Let’s do bonefishing tips from a steelhead guy!
Scott Baker-McGarva, our head guide at BC West, just got back from Andros South – yes, there are benefits to working for Deneki Outdoors. He checks in today with a great reminder to utilize that most ‘basic’ of casts – the roll cast – when light is tough on the flats.
Roll Casting on the Flats
A recent trip to Andros South was full of surprises, some of which were not really so much of a surprise but rather intriguing (land crabbing!), one a weather factor (it rains in the Bahamas?), and another, the ‘check your shorts after’ factor (did a 7 foot shark really just eat my Jack Crevalle, at my feet, while night fishing the channel?!).
When you live in the great white north as I do, the thought of a tropical trip is strictly sunshine, sunburns, and fast and furious fishing, since it’s the tropics right? Ha! Not always, enter ‘tropical showers’, which may make the land crabbing fast and furious but low light conditions on the flats make fly fishing a bit more of a challenge.
The big challenge is of course, visibility – even the bionic eyes of your trusty Andros guides can be that of mere mortals, with shots coming at 11 o’clock and 20 feet or less because you simply can’t see beyond that in some over-cast conditions.
Apart from the standard fare of trying to crouch and reduce your profile to the fast approaching bone, such a short cast is difficult because you simply have either too much line out and need to strip line in or risk over-shooting the fish, or not much more than 10 feet of fly line out and an inability to load the rod for the shot.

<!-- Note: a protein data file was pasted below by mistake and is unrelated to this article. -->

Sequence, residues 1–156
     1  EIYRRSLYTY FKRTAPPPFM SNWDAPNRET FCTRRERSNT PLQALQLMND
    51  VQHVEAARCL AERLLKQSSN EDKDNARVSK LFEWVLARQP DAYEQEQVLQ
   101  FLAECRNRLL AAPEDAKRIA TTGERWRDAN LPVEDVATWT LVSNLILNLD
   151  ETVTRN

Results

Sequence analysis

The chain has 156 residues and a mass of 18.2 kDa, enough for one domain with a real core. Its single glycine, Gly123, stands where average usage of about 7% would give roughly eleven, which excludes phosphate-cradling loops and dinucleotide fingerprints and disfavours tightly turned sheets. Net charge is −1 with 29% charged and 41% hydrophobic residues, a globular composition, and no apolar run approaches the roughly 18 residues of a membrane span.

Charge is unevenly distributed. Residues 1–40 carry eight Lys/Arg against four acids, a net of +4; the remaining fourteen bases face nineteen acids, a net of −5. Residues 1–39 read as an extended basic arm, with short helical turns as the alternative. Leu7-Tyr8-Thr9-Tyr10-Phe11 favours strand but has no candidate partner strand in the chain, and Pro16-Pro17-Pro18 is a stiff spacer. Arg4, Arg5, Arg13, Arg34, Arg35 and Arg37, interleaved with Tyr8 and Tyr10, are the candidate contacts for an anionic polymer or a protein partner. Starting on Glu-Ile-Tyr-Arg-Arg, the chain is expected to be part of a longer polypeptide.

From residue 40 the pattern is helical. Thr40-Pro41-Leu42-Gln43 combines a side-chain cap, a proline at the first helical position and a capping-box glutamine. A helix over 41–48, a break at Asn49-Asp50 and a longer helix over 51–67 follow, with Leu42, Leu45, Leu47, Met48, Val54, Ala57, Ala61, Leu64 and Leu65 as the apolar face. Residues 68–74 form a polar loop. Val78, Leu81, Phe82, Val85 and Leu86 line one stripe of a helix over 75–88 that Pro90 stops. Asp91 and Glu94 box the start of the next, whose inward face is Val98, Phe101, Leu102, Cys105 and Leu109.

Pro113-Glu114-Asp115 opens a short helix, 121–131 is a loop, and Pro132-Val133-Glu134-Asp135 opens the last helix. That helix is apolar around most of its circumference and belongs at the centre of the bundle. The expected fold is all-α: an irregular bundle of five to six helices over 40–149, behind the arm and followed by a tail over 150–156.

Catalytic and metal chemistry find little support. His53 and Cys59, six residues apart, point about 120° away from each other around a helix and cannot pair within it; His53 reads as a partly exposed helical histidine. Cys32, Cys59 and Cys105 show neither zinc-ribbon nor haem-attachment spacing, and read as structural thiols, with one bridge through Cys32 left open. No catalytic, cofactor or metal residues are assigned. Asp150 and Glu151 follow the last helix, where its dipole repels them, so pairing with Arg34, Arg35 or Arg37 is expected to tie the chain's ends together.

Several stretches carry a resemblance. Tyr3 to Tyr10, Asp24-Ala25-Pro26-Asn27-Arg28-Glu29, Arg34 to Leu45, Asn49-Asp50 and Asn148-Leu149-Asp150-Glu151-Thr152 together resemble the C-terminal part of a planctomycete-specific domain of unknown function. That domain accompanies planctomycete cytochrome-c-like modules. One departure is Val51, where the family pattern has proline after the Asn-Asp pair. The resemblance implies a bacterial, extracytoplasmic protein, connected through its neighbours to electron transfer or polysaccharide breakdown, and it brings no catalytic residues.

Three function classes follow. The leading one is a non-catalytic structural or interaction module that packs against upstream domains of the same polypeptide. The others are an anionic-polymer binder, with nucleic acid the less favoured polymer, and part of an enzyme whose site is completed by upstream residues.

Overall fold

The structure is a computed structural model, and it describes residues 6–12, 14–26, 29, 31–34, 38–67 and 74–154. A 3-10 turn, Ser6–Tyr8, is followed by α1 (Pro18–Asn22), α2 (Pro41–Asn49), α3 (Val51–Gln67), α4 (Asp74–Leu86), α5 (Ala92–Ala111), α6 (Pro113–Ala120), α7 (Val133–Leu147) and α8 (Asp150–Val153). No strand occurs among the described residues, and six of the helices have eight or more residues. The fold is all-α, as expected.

So my spey casting instincts kick in and tell me to just drop the fly in the water and roll cast to the target. No false casting, no waving the rod in the air over the fish – just a quick delivery to the target.
Roll casting is often the first cast taught in fly fishing schools for its principles of loop formation and the ‘proper acceleration to a stop’ to propel the cast, but after that, it’s an often under utilized cast that can be so effective. Sure it’s not as pretty and rewarding as sailing a tight loop out over the flat, but neither is seeing that 10 pound bonefish vanish because you over shot the fish or lined it so close in.
Even on longer shots, a simple roll cast followed by a single pick up and put down cast allows the water to help load an otherwise under loaded rod and get the cast away quickly and efficiently. New short head ‘quick-shooter’ lines like the Rio’s new Bonefish Quickshooter make this even easier on those challenging low light days, as the extreme weight forward design maximizes load for tight in shots.
Roll casts can be practiced easily enough while looking for fish as well as so little line is out, that you can be ready quick if a shot appears suddenly as it so often can in low light.
So next time you’re out on a low light day, reel in some line, make some practice shots and be ready.